EU Report: Still no problems with Cardin-Lugar

EU Report: Still no problems with Cardin-Lugar

This post originally appeared on

By Jay Branegan

The European Union recently released its latest review of the EU version of the Cardin-Lugar legislation that requires oil, gas and mining companies to report their payments to governments. The bottom line: the reporting requirements, which have been in place now for five years, have imposed no competitive harm on the companies and pose no threat to European energy security.

The big news here: this is no news to most people who have been following implementation of Cardin-Lugar type laws around the world. Earlier reviews by Canada, Britain and the EU—all of which, along with Switzerland and Norway, passed anti-corruption reporting requirements modeled on the 2010 Cardin-Lugar legislation, Sec. 1504 of the Dodd-Frank financial reform bill—had found the same thing. Many major international oil companies have publicly come to the identical conclusion, and have said the compliance costs are minimal.

However, there are some people for whom this is apparently novel information: namely the two Republican commissioners of the U.S. Securities and Exchange Commission, Hester Peirce and Elad Roisman. They voted (along with then-Chair Jay Clayton, a Trump appointee) late last year to approve a watered down version of the regulation implementing Cardin-Lugar, badly out of step with the EU.

Their stated reasons were, in effect, that Congress had no business telling the SEC to help in the fight against global corruption. Investors don’t care, they said—even though investors representing trillions of investment dollars have called repeatedly for a strong rule.

In the background, however, were the same old evidence-free excuses: a rule conforming to the international standard would somehow hurt U.S. companies’ competitiveness and limit their ability to drill in some corrupt countries. This line has been pushed incessantly by some major American oil companies and their powerful lobbying arm, the American Petroleum Institute.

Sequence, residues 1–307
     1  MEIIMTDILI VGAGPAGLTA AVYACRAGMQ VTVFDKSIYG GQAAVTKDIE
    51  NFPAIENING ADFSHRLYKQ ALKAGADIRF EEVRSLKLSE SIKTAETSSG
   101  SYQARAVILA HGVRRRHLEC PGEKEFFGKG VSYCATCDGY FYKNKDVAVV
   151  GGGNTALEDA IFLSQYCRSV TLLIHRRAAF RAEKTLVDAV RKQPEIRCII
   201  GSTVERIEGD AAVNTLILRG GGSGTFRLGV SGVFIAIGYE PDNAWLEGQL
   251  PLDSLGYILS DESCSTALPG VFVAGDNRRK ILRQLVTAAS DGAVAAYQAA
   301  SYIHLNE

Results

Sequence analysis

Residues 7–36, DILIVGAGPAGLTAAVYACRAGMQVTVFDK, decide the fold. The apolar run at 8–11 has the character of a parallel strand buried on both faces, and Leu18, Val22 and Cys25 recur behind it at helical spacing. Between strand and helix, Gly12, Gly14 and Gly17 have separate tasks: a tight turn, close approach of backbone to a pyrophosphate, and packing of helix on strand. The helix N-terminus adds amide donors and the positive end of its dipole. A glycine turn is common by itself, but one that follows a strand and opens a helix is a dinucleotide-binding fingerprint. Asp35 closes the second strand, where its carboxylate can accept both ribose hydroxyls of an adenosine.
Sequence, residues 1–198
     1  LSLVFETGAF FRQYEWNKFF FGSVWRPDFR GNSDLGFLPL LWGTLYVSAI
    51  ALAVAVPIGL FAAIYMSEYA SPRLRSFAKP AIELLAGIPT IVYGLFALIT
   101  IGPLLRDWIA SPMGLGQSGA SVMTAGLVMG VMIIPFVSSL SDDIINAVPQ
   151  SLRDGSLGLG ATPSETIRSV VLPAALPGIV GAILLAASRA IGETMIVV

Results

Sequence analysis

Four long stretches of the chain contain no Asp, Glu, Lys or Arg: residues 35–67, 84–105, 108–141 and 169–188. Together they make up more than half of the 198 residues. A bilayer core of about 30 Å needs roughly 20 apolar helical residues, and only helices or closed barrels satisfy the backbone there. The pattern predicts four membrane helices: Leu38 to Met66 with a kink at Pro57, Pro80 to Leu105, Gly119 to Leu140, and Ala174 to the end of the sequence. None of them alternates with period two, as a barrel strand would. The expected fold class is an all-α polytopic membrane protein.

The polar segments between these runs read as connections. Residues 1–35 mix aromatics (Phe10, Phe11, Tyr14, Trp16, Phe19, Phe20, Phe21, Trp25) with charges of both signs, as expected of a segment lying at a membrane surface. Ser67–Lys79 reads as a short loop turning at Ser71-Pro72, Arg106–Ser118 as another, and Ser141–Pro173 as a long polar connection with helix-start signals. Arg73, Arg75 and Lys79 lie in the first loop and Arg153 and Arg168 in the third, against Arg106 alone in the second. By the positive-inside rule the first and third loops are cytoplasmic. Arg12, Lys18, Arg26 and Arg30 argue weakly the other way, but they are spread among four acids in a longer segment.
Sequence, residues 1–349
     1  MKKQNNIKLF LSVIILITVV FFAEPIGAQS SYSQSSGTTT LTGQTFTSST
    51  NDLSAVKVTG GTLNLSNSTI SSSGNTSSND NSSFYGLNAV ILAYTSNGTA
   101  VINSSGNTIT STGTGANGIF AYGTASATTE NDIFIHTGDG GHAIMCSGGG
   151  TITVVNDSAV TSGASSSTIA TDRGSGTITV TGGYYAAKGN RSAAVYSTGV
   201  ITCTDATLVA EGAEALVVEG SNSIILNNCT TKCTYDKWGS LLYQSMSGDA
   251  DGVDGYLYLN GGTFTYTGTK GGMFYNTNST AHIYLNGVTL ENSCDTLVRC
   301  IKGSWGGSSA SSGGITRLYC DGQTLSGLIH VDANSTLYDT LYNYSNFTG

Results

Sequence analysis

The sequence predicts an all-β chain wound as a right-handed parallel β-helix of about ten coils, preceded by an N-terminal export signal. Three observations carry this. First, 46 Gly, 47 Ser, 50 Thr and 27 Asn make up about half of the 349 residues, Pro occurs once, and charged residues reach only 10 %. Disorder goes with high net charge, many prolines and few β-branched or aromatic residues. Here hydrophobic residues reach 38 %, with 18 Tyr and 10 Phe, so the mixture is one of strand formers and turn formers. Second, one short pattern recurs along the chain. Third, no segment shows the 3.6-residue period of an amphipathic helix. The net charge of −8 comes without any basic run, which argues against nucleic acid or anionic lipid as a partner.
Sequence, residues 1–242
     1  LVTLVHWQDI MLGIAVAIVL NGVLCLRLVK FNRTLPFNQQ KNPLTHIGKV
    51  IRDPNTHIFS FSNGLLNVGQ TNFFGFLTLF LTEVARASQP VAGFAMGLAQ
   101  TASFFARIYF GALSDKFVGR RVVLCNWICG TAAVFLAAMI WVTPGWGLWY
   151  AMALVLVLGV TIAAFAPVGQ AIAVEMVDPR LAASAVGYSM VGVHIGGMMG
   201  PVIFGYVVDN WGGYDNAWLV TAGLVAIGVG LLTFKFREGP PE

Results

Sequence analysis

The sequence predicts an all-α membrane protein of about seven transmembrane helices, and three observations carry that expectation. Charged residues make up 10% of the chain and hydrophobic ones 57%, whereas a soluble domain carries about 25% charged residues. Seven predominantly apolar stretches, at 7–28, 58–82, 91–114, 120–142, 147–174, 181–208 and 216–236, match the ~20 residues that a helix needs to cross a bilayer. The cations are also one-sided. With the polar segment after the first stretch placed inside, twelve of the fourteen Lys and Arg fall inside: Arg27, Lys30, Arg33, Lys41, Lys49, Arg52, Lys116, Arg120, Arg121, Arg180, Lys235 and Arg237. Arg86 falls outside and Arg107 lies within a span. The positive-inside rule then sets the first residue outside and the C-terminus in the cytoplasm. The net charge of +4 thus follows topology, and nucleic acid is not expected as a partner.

So for the record, here’s what the European Commission, the EU’s executive body, had to say in its April 2021 report reviewing the workings of the regulation:

 –A study by a Milan-based consulting firm, VVA, “found no evidence that competitors from non-EU countries have significant competitive advantages by not being required to report on payments to governments.”

–“Nor did it find any cases of non-EU countries’ limiting the operations of EU companies due to reporting requirements.” This directly refutes Big Oil’s claim that American drillers would be kicked out of corrupt countries that want to keep their payments secret.

The report did have one criticism, namely, that some major countries, especially the United States and China, do not have the same reporting rules: “The [EU] policy overall undeniably makes the [extractives] sector more transparent, but global alignment remains a major concern for the industry. This is why both civil society and industry would like regulators to step up efforts to achieve a global level playing field.”

The current SEC, under new Biden-appointed Chair Gary Gensler, has a chance to do just that and leave China as the lone outlier in the battle against bribery and corruption in the oil and gas sector. As urged in a letter by Sen. Ben Cardin (D, Md), co-author with Sen. Lugar of the original Cardin-Lugar legislation, and Senate Majority Whip Dick Durbin (D, Ill.), the agency could promptly initiate a process to amend the weak December 2020 regulation, strengthening it so that it “serves as an effective tool for combating corruption and provides critical information to investors.”

 Passing such a strong rule would indeed be big news. And long overdue.